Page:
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Hoya Care Information
Hoya Care Information
Hoyas like good light but need shading from hot sun. A north or east facing windowsill is fine but if you wish to grow the plant in a room with a south facing window, position it so it will not be in full sun during the hottest part of the day.
Watering and feeding
Take care not to over water Hoyas. Before watering check the compost with your finger and feel the weight of the plant. If it is dry and the plant feels light then it will need watering. It is best to sit the plant in a sink with a small amount of water and leave it to soak up water from the base then leave to drain. Do not leave it sitting in water for more than 10 minutes. The frequency of watering will depend on the size of the plant and the time of the year but about once a week will probably be required. Always check if the plant needs watering rather than working to a time schedule.
Feeding: Hoyas do not require much in the way of feeding. Once or twice a year with a balanced liquid fertiliser such as liquid Growmore will suffice. Only feed when the plant is in active growth.
Hoyas need good humidity. A daily spray with water is beneficial and will be needed if your plant is in a hanging pot/ basket. If your Hoya is on a windowsill stand it in a shallow saucer with some pebbles in and fill with water to just below the surface of the pebbles, taking care that the plants roots are not in contact with the water. This will help to humidify the air around the plant. Remember to check the level frequently and top up as required. If you have other houseplants, growing them together in groups can help to create a beneficial environment as they will transpire water through their leaves, helping to keep the air moist.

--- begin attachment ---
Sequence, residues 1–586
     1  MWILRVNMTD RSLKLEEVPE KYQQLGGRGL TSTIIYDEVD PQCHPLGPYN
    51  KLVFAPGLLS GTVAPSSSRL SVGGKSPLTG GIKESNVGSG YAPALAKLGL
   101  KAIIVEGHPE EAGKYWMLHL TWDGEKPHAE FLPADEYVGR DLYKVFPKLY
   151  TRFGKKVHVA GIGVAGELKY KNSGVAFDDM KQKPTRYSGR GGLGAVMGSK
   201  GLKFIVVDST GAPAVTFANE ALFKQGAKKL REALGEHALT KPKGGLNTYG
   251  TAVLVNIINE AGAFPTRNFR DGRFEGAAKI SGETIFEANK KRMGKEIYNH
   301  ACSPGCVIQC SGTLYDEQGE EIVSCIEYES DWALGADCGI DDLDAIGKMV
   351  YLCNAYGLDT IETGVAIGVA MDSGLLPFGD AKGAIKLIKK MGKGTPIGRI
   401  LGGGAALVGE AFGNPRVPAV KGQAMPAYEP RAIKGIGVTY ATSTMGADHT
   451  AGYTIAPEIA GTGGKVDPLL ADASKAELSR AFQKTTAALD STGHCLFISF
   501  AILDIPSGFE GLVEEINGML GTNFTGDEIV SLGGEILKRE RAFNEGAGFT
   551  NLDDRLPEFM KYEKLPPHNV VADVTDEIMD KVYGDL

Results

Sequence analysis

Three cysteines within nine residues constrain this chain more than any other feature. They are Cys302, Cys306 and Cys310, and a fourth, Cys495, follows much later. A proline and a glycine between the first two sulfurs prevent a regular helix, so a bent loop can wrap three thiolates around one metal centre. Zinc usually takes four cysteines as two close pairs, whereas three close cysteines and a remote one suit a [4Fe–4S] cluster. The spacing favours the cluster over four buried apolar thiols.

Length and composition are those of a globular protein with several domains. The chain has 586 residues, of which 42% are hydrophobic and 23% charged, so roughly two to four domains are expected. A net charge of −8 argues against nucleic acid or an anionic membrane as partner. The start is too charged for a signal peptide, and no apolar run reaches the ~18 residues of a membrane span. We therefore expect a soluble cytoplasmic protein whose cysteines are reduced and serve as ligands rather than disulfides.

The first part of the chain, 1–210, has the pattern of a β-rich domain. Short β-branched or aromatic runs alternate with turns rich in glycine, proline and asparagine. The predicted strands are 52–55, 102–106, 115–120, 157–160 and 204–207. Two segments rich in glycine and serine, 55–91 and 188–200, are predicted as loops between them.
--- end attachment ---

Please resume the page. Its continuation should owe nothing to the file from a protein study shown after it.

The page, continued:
Compost and potting on
Hoyas do not need to be potted on very frequently but when you do it is important to use the right compost mix. You will need to mix some Loam Based Compost (John Innes No.2) with equal parts of horticultural/ washed sand (not builders or play pit sand) leaf mould (see below) charcoal and fine bark.
When potting on do not increase the pot size by more than 2 inches in diameter and do this in summer when the plant is actively growing.
Making leaf mould
Leaf mould is easy and free to make and a very valuable material for plants which like a humus rich soil. Simply gather up fallen leaves in autumn. Oak, Beech or Hornbeam leaves are perfect but almost anything will do. Avoid using conifer, very tough leaves or leaves that have evidence of disease. If the leaves are large or thick, run over them with a lawn mower to chop them up in to finer pieces otherwise they will take too long to rot down. Place them in a black plastic bag and puncture with a fork to allow air to get in or suitable container with drainage holes, spray with water and leave for about 12-18 months to rot down. If you have chopped the leaves up very finely they may be ready to use in about 6 months’ time. Check it in the spring. You should end up with a rich, dark brown mixture which when it is quite fine can be used to mix into compost for potting plants up. If it is still quite coarse you can use it as a soil improver in the garden or give it a turn and a spray with water and leave to rot down further.